Michael Bernardi recently made history when he stepped into the role of Tevye, a character that his late father, Herschel Bernardi, made famous nearly 50 years ago in Fiddler on the Roof. On most nights he can be seen serving up drinks as the surly bartender, Mordcha in the current Broadway production which ends its run on December 31, 2016.
You are currently in Fiddler on the Roof– how is that going?
It’s fantastic. I mean, we are coming toward its close so it’s kind of like the last week of camp. Everyone is very nostalgic and sentimental, but the truth is Fiddler on the Roof, you have to fight against the sentimentality because it really pulls the heartstrings, but if there was ever a show that was created for closing, it was Fiddler on the Roof. So you know, people are emotional.
What are you going to miss most about the show?
First thing that pops up is basically the daily visceral reminders of what life is all about. Every day I go to the theater and whatever I am going through, or life is presenting, I always seem to find a place to ground myself and to remember what is important. And just thinking about my family and my ancestors and what it is to be alive and what it is to embrace life and so you can’t really perform this show without having those reminders pop in and kind of cleanse yourself. I will be missing my daily spiritual cleanse.
Your father, Herschel Bernardi was famous for playing Tevye in Fiddler on the Roof. What was it like your first time stepping into that role?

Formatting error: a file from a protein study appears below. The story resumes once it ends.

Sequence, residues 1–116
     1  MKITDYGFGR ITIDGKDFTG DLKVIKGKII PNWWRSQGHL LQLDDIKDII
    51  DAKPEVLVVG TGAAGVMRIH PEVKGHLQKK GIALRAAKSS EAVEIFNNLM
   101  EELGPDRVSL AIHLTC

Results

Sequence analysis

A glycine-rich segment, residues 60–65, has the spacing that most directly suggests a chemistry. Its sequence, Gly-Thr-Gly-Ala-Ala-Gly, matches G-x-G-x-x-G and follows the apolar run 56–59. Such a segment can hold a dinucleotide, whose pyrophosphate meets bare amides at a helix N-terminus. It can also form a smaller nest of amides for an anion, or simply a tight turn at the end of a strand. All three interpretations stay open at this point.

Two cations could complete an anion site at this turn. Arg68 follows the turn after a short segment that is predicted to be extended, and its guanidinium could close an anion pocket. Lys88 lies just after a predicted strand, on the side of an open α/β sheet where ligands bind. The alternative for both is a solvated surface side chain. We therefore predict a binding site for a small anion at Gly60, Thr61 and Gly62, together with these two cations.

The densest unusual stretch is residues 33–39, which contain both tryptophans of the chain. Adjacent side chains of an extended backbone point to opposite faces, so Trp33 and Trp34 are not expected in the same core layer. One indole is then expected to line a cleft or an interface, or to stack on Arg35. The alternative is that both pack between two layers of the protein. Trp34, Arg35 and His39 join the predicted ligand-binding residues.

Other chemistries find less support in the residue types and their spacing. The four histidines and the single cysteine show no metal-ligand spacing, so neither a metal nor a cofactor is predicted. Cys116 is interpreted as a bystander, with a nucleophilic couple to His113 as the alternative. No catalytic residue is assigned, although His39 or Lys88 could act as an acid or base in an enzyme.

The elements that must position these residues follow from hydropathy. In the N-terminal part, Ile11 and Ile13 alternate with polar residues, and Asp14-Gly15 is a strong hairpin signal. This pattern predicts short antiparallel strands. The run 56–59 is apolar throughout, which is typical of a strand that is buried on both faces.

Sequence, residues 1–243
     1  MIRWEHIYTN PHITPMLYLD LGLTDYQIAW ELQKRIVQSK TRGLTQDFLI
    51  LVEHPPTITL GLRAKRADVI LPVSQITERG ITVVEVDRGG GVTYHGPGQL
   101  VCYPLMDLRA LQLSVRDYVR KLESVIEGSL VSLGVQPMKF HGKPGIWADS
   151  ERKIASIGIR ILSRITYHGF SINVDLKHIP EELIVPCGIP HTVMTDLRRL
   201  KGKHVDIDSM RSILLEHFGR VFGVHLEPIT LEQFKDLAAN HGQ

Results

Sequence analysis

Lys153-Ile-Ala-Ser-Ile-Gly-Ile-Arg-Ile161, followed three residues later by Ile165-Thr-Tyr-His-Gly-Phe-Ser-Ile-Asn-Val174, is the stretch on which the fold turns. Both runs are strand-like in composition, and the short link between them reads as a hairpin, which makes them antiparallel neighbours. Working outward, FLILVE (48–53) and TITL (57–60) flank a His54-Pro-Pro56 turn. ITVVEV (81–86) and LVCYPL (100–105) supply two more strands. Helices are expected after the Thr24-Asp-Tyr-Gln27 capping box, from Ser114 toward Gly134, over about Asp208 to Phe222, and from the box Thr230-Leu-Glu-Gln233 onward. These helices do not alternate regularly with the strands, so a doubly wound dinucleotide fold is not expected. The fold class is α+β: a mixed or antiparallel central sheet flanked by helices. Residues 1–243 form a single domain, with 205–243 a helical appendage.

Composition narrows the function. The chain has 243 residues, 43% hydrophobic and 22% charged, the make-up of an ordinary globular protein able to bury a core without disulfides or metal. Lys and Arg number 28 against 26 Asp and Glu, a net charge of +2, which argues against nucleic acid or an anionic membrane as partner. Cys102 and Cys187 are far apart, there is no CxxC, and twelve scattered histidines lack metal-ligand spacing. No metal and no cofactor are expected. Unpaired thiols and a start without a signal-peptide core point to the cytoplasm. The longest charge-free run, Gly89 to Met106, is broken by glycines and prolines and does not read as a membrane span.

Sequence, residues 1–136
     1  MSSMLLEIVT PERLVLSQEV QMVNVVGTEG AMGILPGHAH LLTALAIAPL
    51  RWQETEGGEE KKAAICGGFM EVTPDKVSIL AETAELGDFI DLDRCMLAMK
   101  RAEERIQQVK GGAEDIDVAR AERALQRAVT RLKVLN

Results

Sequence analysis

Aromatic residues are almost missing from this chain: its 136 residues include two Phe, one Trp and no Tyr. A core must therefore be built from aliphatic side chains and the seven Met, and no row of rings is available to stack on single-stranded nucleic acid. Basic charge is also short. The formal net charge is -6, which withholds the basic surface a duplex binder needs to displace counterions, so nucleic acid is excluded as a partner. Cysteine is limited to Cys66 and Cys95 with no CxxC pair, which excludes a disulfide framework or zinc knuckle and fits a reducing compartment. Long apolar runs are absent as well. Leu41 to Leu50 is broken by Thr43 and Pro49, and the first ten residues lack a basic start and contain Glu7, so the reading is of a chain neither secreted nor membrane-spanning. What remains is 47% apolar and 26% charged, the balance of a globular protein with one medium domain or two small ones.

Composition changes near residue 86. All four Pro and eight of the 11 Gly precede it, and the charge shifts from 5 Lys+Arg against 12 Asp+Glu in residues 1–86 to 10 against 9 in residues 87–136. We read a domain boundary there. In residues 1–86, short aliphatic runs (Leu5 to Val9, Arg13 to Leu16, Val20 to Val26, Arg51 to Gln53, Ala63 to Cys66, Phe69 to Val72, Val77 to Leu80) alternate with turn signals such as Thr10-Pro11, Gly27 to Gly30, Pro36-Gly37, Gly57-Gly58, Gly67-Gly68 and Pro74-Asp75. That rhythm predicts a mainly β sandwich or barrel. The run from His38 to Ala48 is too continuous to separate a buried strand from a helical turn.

Like jumping out of an airplane. It was the greatest acting lesson I ever had because as much as me playing Tevye and wearing the same boots as my father wore when he played Tevye, we are both doing it on a Broadway stage. As much meaning was packed into that and as fulfilling – life‑fulfilling of a moment as it was, ultimately, the most important thing that needed my focus was telling the story. So I found myself in those moments just feeling at times overwhelmed by how powerful it felt to be on a Broadway stage and be wearing those boots and be shaking and singing “Rich Man” doing my Biddy‑bums.
I found myself having to let all of that go and just trust that that was there because the truth is my job is to be a milkman with five daughters and not to tell the story of Michael Bernardi and you know, the powerful genetics that happened to be on my father’s side – but to tell the story of Fiddler on the Roof and I found a lot of freedom in that.
It’s pretty cool that you got to take on the same role that your dad did years ago.
Yes. I would say so. You know, it’s interesting. I went through so many emotions doing that. Especially having not known my father since he passed away when I was so young. I found myself looking to people to just get some advice or to connect with, because it felt like a rare situation to be in and I found that not a lot of people really know what it is to be in a situation like that. And so it made it very personal and at times I felt a little lonely in it as well. But in a really beautiful way, it’s the greatest –